"These are not actually compulsory; but..."
And neither is my driving licence or passport, both of which I have. It was the compulsion that was the problem.
Re: and you trust ...
No, I don't trust any of these people, but banks and Google can't send me to jail if I chose not to hand over some information one day.
Re: Accounting for the specific impacts of climate change on women
Is "transactional sex" the kind that you can roll back, undoing all the side-effects, if you later decide it wasn't a good idea?
Re: the chumps at Terminal 5
...will only see a watch. Unless you stick an entirely unnecessary "Nuclear" symbol on the front face, they won't treat it any differently from a Casio.
An opportunity for AV companies
Most popular software packages are digitally signed these days. It would be fairly simple to write code to check a list of a hundred or so "most popular" packages (all recent versions) and check that their certs are correct. It wouldn't take very long either, since the cost is essentially one pass of your directory tree plus one signature check for each of the whitelisted apps that it finds. As "heuristic" checks go, this strikes me as whole lot more useful than hosing your OS, which is what some of the AV companies seem to do.
If the AV companies won't bother, perhaps MS would like to consider it for their own monthly malware scan (from Windows Update). Since I'm a generous bloke, I hereby put the idea of "using digital signatures for their intended purpose" into the public domain.
Re: how would their programme differ from that of the Republican Party?
They'd be less obvious about it.
The scientific illiteracy of this proposal is, in fact, the reason why I'm going to give this guy the benefit of the doubt and assume he is an idiot rather than an enemy agent.
Re: A poor anaysis from Reg readers (sorry).
"The military are actually pretty good at this, because..."
Sorry? You're citing military R&D as a pretty good example of cost-effective research?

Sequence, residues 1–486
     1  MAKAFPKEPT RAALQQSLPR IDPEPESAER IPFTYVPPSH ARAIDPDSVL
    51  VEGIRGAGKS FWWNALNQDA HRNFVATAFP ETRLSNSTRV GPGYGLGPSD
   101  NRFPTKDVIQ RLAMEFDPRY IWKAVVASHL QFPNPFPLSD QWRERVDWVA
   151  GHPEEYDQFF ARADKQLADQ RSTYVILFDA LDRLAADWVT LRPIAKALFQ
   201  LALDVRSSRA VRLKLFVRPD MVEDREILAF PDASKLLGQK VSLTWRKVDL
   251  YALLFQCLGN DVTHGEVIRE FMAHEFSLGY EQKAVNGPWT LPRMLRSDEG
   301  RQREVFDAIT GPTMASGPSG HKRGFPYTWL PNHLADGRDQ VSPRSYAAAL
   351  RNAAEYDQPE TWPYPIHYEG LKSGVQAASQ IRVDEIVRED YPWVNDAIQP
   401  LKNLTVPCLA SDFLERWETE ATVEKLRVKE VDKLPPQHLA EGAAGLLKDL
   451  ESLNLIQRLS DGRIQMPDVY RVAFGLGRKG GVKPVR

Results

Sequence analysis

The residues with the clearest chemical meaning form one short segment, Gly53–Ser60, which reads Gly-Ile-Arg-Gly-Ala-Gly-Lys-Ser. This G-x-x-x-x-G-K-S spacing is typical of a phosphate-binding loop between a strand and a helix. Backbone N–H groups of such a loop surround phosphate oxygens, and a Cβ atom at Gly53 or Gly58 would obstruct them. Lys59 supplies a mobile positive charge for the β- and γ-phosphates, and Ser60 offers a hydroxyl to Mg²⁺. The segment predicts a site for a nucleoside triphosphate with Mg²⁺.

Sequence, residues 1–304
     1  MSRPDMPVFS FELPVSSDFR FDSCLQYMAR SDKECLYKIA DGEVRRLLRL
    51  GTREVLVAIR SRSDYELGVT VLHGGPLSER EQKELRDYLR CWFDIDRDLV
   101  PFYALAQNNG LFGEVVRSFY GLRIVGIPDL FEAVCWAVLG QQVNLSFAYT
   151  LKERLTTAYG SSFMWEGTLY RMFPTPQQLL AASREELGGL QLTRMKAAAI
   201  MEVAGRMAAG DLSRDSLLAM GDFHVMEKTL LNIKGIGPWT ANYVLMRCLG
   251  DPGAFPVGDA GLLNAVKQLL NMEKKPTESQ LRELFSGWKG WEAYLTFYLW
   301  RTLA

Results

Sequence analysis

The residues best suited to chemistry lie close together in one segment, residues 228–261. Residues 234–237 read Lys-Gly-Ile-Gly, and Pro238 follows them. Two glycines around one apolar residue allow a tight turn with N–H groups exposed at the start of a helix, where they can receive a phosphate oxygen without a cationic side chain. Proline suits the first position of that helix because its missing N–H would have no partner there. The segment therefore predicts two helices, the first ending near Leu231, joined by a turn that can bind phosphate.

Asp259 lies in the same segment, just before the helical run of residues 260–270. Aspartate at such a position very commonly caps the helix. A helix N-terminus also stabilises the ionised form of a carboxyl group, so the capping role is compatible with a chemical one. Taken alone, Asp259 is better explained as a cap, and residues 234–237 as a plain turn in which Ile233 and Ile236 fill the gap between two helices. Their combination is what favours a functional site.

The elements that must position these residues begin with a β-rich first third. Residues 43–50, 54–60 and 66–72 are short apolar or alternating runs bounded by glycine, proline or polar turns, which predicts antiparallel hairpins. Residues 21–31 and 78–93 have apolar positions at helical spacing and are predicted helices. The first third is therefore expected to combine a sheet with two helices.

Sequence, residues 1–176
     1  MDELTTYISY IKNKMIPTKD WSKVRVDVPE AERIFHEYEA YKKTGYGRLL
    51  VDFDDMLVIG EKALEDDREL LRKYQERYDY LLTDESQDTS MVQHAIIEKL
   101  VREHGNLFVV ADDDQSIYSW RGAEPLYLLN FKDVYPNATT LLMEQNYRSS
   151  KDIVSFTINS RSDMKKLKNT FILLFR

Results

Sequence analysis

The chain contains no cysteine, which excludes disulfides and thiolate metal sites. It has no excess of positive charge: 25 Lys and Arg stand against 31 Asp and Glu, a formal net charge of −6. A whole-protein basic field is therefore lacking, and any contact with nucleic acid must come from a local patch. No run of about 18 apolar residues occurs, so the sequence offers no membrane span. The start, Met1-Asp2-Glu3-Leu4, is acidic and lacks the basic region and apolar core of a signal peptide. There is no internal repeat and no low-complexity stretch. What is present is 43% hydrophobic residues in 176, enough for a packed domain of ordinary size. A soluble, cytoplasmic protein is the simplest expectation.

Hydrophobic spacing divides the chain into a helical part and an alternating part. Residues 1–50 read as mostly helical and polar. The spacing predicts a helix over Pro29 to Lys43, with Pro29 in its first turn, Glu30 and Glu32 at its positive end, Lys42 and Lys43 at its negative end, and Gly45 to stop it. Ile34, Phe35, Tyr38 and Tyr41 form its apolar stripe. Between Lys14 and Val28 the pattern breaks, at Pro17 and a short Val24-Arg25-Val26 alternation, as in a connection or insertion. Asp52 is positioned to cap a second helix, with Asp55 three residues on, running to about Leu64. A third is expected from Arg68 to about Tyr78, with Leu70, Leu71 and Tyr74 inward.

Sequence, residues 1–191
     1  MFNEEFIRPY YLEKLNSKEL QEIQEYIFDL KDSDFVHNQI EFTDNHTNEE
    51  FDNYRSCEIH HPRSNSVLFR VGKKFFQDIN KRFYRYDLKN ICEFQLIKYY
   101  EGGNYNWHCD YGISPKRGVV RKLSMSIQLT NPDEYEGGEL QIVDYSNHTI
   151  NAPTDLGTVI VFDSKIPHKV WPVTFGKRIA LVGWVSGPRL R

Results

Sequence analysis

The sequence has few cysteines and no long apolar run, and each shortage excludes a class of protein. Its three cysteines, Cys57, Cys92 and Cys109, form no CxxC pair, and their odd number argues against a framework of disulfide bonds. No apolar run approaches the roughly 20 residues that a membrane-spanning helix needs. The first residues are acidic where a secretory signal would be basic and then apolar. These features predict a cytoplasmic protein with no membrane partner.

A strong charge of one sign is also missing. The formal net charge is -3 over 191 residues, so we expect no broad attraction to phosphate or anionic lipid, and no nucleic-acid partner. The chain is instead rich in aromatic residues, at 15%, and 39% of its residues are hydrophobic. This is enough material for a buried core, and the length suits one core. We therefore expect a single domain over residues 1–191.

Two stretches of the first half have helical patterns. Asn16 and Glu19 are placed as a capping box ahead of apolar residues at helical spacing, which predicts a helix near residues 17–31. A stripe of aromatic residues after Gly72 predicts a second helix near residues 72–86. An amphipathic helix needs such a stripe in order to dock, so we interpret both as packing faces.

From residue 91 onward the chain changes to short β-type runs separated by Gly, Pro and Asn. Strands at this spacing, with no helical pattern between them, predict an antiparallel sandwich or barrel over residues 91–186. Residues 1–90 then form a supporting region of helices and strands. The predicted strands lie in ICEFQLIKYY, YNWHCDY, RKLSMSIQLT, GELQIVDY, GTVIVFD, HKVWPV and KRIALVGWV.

Hmm. Others might beg to differ.
Re: Indiana Pi Bill
No, that is not all. You forgot another lesson from history, one that Republicans might be more comfortable with.
*That's* what happens when politicians decide on funding priorities.
Like peak oil, you mean?
So we can now look forward to a future of ever-increasing production capacity for iPhones, which are then sold at far higher prices than any analyst would have thought possible a few years ago. Gosh. Tim must be soiling himself at the prospect.
Re: 119 MB is lightweight?
It's about the same as XP, but I'm old enough to recall that XP was considered by many to be "bloated beyond belief" when it first came out.
Re: Since this is ask-a-stoopid-question-Friday
"The black hole will actually form at some point on the _surface_ of the neutron-star, right?"
I would imagine that's right, as long as you substitute "event horizon" for "black hole".
Actually one of the reasons why the rod *couldn't* be incompressible is because the effects of inter-atomic forces can only propogate at the speed of light.
Re: Nick, we love you so much!
Well, duh! That's because not enough people voted for him.
So what are you going to do instead? Vote for someone you disagree with, but who is likely to get enough votes to actually do what they promise?
Bring your own app
Managers bypassing the IT department in favour of cheaper (having ignored all externalities) solutions that are directly under their own control? Whatever next? You'll be telling me next that Duran Duran are top of the charts.